McBride: Now, this is a great ROI [return on investment]. ACCC always provides our return on investments for their members and really, dollar for dollar, ACCC delivers exactly on that. The key pieces for these checklists, as I call them—really kind of providing information—we'll be looking at integrating the understanding how to get that drug therapy on your formulary, how to interpret a biosimilar formulary, also looking at integration for your EMR [electronic medical record] systems and IT systems, and lastly also looking at that reimburse file. So, those checklists which are being developed right now as we speak, will help actually look at those practice evolutions for biosimilar integration.

More so will be the impact of biosimilars on the APM [advanced practice model] that are currently being performed right now. As we've seen, the macro discussion with MIPS [Merit-Based Incentive Payment System] coming on board, there's a larger amount of focus on cost. In fact, it's gone up to 30%—if I'm not mistaken—on that evaluation for the equation.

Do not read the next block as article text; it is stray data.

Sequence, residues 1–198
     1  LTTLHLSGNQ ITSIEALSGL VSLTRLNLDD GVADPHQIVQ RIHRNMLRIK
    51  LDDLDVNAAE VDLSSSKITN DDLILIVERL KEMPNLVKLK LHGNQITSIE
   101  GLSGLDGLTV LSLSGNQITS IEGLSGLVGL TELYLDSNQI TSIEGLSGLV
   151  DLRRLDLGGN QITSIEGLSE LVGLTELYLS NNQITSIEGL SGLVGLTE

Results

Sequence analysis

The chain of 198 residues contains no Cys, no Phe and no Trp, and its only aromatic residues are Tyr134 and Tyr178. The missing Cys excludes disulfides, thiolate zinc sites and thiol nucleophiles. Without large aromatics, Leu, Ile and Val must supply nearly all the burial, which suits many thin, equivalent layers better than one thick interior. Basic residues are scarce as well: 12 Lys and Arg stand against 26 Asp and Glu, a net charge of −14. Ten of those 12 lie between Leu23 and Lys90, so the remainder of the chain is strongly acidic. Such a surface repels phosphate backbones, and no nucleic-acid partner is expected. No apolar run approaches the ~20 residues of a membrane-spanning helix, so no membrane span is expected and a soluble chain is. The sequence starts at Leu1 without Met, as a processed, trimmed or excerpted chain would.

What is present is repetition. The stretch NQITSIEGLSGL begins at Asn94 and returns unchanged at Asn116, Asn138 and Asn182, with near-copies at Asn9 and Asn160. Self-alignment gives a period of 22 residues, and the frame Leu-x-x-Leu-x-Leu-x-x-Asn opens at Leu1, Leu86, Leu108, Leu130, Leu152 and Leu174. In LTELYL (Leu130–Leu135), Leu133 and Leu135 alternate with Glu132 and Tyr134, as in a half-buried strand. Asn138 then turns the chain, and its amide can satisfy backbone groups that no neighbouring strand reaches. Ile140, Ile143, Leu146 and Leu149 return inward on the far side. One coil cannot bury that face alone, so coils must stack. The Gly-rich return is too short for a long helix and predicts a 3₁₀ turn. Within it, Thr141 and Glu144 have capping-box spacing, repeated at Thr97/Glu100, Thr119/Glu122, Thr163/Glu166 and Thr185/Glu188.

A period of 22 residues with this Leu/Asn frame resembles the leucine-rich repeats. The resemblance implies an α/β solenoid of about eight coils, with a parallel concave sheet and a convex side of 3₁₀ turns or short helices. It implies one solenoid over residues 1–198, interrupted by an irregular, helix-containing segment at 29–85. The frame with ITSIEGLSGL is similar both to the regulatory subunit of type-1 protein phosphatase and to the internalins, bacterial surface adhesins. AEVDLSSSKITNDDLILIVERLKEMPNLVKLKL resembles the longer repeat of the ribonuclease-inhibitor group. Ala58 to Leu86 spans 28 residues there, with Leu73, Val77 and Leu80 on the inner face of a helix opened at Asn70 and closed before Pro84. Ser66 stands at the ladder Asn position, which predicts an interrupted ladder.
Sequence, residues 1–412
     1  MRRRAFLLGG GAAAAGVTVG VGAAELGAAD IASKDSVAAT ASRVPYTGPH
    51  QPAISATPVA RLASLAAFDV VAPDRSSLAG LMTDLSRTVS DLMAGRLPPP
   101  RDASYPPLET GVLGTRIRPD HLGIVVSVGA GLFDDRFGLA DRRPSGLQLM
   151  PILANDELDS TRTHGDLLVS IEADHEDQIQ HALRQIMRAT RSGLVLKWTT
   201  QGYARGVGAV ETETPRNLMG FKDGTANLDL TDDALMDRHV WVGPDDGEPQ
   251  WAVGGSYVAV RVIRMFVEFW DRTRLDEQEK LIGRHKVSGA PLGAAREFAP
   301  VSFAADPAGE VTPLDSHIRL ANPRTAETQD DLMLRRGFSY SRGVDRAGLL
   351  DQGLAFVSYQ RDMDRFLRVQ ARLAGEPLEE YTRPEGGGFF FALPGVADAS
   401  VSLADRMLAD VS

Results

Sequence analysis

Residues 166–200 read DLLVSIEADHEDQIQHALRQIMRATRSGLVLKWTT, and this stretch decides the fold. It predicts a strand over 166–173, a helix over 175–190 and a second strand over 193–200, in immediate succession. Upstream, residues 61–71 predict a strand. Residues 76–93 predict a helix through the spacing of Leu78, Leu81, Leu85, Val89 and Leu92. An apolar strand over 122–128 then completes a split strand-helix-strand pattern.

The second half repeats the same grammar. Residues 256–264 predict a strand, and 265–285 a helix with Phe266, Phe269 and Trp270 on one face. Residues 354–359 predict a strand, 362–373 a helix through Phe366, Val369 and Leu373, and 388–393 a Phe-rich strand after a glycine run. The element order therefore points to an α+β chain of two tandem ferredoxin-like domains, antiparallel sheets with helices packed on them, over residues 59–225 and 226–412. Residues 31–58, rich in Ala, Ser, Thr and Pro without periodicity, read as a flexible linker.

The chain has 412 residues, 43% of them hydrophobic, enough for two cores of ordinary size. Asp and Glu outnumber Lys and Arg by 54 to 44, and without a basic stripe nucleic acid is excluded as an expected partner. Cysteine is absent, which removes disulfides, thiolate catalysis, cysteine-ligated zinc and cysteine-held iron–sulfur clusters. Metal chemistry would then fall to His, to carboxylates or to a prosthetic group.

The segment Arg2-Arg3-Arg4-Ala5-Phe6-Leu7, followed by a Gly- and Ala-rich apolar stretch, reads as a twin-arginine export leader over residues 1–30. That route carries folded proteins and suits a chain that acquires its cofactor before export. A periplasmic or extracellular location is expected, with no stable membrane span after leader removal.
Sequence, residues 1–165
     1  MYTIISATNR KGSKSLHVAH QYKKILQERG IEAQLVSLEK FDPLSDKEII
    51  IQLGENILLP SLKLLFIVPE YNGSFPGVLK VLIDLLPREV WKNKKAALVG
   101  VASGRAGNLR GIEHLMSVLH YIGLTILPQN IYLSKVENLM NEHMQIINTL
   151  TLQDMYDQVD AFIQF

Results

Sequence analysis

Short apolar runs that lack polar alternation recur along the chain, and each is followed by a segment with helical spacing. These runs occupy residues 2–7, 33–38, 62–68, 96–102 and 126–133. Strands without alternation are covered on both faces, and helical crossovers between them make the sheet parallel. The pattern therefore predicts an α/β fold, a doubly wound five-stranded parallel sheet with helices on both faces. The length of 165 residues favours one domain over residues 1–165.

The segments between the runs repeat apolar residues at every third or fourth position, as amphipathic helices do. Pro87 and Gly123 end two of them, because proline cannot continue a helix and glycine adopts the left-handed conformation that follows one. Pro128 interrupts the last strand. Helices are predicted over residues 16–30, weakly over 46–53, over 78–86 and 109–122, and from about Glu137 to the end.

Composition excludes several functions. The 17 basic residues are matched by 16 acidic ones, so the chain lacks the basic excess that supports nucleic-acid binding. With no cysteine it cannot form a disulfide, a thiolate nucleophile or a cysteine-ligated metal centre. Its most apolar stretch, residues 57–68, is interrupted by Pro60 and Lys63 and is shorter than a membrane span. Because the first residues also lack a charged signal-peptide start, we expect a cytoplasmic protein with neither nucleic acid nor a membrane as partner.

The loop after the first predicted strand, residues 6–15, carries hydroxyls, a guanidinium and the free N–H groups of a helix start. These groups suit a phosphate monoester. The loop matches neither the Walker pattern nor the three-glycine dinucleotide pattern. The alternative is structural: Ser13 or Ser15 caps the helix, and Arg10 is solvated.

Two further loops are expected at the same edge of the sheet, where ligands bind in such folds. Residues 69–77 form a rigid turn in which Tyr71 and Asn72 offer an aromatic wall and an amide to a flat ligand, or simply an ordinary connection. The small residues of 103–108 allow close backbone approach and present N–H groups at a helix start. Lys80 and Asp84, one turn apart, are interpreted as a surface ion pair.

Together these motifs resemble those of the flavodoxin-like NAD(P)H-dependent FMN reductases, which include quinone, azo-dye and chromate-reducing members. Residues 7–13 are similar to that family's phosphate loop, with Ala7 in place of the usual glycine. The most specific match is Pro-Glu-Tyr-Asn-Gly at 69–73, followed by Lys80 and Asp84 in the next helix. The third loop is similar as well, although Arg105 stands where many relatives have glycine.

Therefore, even under these models outside the OCM, there's a large push to reduce that cost, and this is the means to do that. That checklist will help provide practices to support the need; in many cases, [it] means practices may not have the number of people to really do a large amount of dissemination information or integration these practices. The checklist that we provide will provide the exact information needed to actually switch and also address other areas that may have been outside their scope or spectrum for understanding what that will mean for their practice and reimbursement models too.

CfB: Can you discuss the plan tools for improving the provider patient conversation about biosimilars and why is that an area that needs attention?

McBride: Now, this has been a very interesting discussion as many practices have actually had their own discussions across the board on how to integrate biosimilars. When the physician or prescriber—whether it's an advanced practitioner or a physician-when they're actually talking to patients to make sure they're aware of this change, or at least aware of what a biosimilar is, it can be a very touchy situation. What we're telling them is that we're actually switching their therapy to a, for example, pegfilgrastim product. In these cases, the patient may actually have some fears. The goal with this education piece that ACCC is providing is counseling measurement to assuage those fears, so that the patient actually feels comfortable, just like the physician, on these intensive therapies.